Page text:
According to Transparency International, a think tank based in Berlin dedicated to measuring trust in government and corporate officials in countries around the world, Sweden, like its Nordic neighbors, has year after year been a model nation. Over the course of two decades of annual surveys, from 1995 to 2014, Sweden averaged a ranking of fourth most transparent (or least corrupt) country, ranging from most transparent to sixth most. By contrast, the United States has averaged a ranking of eighteenth, ranging from fifteenth to twenty-fourth.

In everyday circumstances, such trust can be seen in parents leaving infants in carriages outside cafés while meeting friends inside for coffee or in café proprietors leaving woolen blankets on outdoor chairs to keep customers warm. By extension, parents, union leaders, and journalists in the 1990s and early aughts accorded for-profit school operators ample trust that student interests would be paramount.

In fact, both teachers unions-Lärarförbundet (representing preschool and elementary teachers) and Lärarnas Riksförbund (representing secondary teachers)-welcomed the free school movement and continued to support it. According to Anna Jändel-Holst, a senior policy advisor at Lärarnas Riksförbund, teachers welcomed the opportunity to work at different schools and expected additional competition between schools to drive up salaries. Speaking in 2009 at her office in central Stockholm, Jändel-Holst, who was previously a lower-secondary social studies teacher for seven years, explained that many members of her union taught in commercially operated schools and that she had no objection herself to the concept. Her son, after all, was a ninth-grader at a Kunskapsskolan, she said, and was challenged and happy.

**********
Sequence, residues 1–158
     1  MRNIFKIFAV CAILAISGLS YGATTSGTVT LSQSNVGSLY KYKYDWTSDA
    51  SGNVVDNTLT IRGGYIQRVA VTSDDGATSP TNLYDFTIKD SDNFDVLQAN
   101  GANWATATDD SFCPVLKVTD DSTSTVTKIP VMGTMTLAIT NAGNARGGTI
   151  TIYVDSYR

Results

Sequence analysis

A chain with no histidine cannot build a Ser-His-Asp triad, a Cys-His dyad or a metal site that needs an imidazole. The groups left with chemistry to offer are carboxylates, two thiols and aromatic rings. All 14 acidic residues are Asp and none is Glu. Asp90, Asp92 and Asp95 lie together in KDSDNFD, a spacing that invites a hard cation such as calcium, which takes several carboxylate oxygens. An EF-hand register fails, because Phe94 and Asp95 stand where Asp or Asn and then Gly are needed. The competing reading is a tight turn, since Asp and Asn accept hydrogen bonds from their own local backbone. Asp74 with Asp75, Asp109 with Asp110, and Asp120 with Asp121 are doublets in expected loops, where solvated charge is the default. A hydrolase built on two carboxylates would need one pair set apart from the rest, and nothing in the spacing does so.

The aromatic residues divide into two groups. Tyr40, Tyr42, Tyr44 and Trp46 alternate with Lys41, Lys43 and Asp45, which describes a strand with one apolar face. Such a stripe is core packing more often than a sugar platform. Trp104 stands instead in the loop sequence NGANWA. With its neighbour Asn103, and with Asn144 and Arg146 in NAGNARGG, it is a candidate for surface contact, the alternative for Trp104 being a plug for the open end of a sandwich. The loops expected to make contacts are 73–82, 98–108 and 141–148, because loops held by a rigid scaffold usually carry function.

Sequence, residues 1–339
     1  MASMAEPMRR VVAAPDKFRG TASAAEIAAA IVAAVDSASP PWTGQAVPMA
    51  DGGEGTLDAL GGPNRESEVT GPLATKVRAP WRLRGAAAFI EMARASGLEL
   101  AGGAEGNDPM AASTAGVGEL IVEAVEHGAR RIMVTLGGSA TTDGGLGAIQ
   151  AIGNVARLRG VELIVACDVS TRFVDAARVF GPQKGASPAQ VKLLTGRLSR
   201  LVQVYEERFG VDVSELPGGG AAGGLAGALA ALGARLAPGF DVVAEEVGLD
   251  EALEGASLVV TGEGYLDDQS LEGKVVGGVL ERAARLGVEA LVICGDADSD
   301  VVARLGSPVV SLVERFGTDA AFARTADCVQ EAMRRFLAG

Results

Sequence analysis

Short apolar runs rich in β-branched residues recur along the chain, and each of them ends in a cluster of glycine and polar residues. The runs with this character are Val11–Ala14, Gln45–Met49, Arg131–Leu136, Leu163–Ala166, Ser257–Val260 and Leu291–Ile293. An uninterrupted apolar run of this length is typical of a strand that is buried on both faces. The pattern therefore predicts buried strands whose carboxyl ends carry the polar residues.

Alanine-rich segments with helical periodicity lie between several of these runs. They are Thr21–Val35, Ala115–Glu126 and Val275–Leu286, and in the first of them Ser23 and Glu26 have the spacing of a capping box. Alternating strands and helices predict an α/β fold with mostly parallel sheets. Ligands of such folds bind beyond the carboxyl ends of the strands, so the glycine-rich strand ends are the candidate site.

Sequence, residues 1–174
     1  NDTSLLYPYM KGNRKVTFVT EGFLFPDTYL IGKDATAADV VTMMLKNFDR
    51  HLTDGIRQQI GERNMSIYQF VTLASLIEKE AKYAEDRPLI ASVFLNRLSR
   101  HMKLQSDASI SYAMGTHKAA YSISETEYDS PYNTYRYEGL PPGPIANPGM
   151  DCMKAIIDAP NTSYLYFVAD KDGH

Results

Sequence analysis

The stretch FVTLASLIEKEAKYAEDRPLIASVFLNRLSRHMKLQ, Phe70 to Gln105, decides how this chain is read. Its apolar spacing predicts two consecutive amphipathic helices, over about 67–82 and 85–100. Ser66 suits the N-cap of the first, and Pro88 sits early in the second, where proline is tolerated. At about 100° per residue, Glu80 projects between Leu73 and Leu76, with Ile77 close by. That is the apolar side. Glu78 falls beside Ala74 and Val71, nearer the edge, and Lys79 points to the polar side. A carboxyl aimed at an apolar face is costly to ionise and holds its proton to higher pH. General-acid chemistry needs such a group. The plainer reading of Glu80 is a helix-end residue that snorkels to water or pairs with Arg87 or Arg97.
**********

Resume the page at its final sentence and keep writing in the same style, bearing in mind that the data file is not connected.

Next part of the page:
Jändel-Holst said the only problem with the voucher legislation was that it did not stipulate that teachers in friskolor had to be certified. Some schools consequently hired unqualified teachers, she said, and this exemption moreover put downward pressure on teacher salaries. Salaries for Swedish teachers did, in fact, sink from 2000 to 2009. In 2000, teacher pay equaled per capita GDP for primary and lower-secondary teachers and amounted to 1.07 as much for upper-secondary teachers. By 2009, primary teachers earned 0.93 as much as per capita GDP; lower-secondary teachers, 0.96; and upper-secondary teachers, 1.01. The trend in Norway was the same whereas the opposite was true in Denmark and Finland.

Along with her colleague Olof Lundberg, another senior policy advisor, Jändel-Holst agreed that both unions had erred in failing to anticipate the consequences of this exemption for friskolor. But both were quick to point out that legislation was passed in 2006 to mandate that teachers in all schools be certified, though uncertified teachers already unemployed at friskolor were grandfathered in.